Long before a pandemic, when many of our meetings were in person, meetings were often riddled with inefficiency and frustration. The shift to virtual meetings hasn’t made it better. While there are many causes of the challenges, it is possible to have productive virtual meetings that are highly collaborative and stay on track. Making that happen requires that we deter the hijackers and find and pick up the hitchhikers.
What do I mean?
Hijackers – Who They Are and How to Deter Them
You’ve been in the meeting where someone dominates the conversation – taking up al the air in the meeting and perhaps taking the whole meeting off track or topic. Whether the person’s intent is nefarious (to consciously change the subject and agenda) or naïve (they are unaware that their behavior or passion is derailing the meeting), the result is the same. A Hijacker changes the direction and flow of a meeting, raising frustration and perhaps wasting the time of everyone involved in the meeting.
Here are four suggestions to aid you when you experience hijackers:
- Redirect them. As the facilitator of a virtual meeting where someone is hijacking, focus less on their intent and more on their behavior. If you have an agenda, interject by pointing them back to it asking something like: “how does this point help us reach the outcomes on our agenda?”
- Acknowledge them. If that doesn’t help redirect the conversation, suggest putting their point aside for now and moving back to the agenda. It is important that their points and topics be acknowledged and note that they can be addressed further later in the meeting or at a future time. If people feel you are just trying to shut them down, it might not be very successful.
- Chat them. In a virtual meeting you also have the chat channel which can help you. You might be able to send a private chat message to the hijacker sharing your concerns or helping them move back on topic. Just make sure to send the message privately and share it in a helpful and supportive way.
- Use the group. You can also use the group to keep the hijacking behavior from overcoming the purpose and plan for the meeting. Encourage others in the group to speak more, or direct questions to others in your virtual meeting to guide the topic back to your agenda. In a virtual meeting this may require you to be more directive or explicit than in in in-person meeting.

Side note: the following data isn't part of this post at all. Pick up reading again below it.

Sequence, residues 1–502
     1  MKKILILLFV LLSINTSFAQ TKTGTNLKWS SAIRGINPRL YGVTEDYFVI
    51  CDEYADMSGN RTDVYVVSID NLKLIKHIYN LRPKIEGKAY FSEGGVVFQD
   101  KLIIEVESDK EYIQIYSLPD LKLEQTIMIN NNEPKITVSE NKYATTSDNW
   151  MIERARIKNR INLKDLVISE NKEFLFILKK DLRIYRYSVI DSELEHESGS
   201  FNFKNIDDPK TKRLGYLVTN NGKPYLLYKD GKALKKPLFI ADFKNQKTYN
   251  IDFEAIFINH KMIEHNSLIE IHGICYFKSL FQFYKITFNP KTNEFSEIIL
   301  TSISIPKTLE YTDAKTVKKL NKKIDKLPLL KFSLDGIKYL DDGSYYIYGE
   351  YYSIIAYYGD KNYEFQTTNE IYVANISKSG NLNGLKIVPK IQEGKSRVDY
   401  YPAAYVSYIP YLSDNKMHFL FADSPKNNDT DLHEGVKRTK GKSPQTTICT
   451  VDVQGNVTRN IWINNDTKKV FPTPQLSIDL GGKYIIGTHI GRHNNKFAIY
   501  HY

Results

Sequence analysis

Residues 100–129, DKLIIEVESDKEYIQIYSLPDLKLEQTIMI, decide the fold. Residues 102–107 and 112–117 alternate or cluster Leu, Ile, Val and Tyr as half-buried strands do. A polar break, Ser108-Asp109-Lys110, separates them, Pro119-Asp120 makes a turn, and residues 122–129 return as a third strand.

In total, use the energy of the hijacking behavior to enable and aid the meeting rather than derail it.
Hitchhikers – Who They Are and How to Find Them
When you have highly engaged meeting, people are willing to step in and step up. A hitchhiker is someone willing to engage and add to the meeting, rather than passively sitting through the content. When you can find and encourage hitchhikers you have a better meeting flow, more and better ideas, and more commitment both to the meeting and the outcomes of it.
Here are three ways to encourage more hitchhiking behavior in your virtual (or any) meetings.
- Prepare them. When people can come to the meeting knowing the topics and purpose, they can come more prepared to participate. While this is true for any meeting, there are more barriers to participation in a virtual meeting, making the preparation that an agenda provides even more valuable. When people are prepared or at least have had a chance to think about the meeting rather than coming in cold, they are far more likely to participate and add to the meeting’s success.
- Ask them. If you want people’s input and ideas, ask for it. Ask questions directly of people and/or provide more opportunities for input. The more people believe the meeting is a one-way information share the less likely they will be to include their thoughts. Stop and ask. Ask the group, point questions to certain departments or groups, and ask individual for their input and ideas. People can’t engage if there isn’t time, space or an opportunity to do so.
- Encourage them. Asking is a form or encouragement, but acknowledging input is important too. You can do that by making sure the agenda is clear on the expectation of input, but you can also acknowledge by asking the group to build on the input people share. Here is a simple example to get you thinking about how to encourage more input: “That’s a great point Joe – what do the rest of you think? What could we add to Joe’s idea?”
These are just three (of many) ways you can engage others to help create more productive virtual meetings.
The Principles at Play
Now that you have read about these two sets of behaviors, it is important to make a couple of final points.
First, these are behaviors, not people. Perhaps as you have been reading you have assigned names to these behaviors but recognize that most people (including you) have hijacked a meeting, and many have hitchhiked on the ideas of others too. Focus less on “who” is doing it and more on “why” it is happening, and work on how to encourage or discourage the behaviors.
Second, all of this conversation is about facilitation, not power. Notice that the suggestions are about the process and flow of a meeting, rather than telling, forcing, or demanding something of people.
When you promote hitchhiking and discourage hijackers you will reduce the frustration and begin to create truly productive virtual meetings.
There is far more to learning to lead and facilitate effective virtual meetings. If you would like an on-demand way to build your skills and fill your toolbox to create more productive virtual meetings, consider our Leading Effective Virtual Meetings on-demand workshop.
You’ll learn how to better utilize your web tools and how to prepare for and lead virtual meetings that get the desired results. Watch this session once or review it several times to help you with your specific challenges.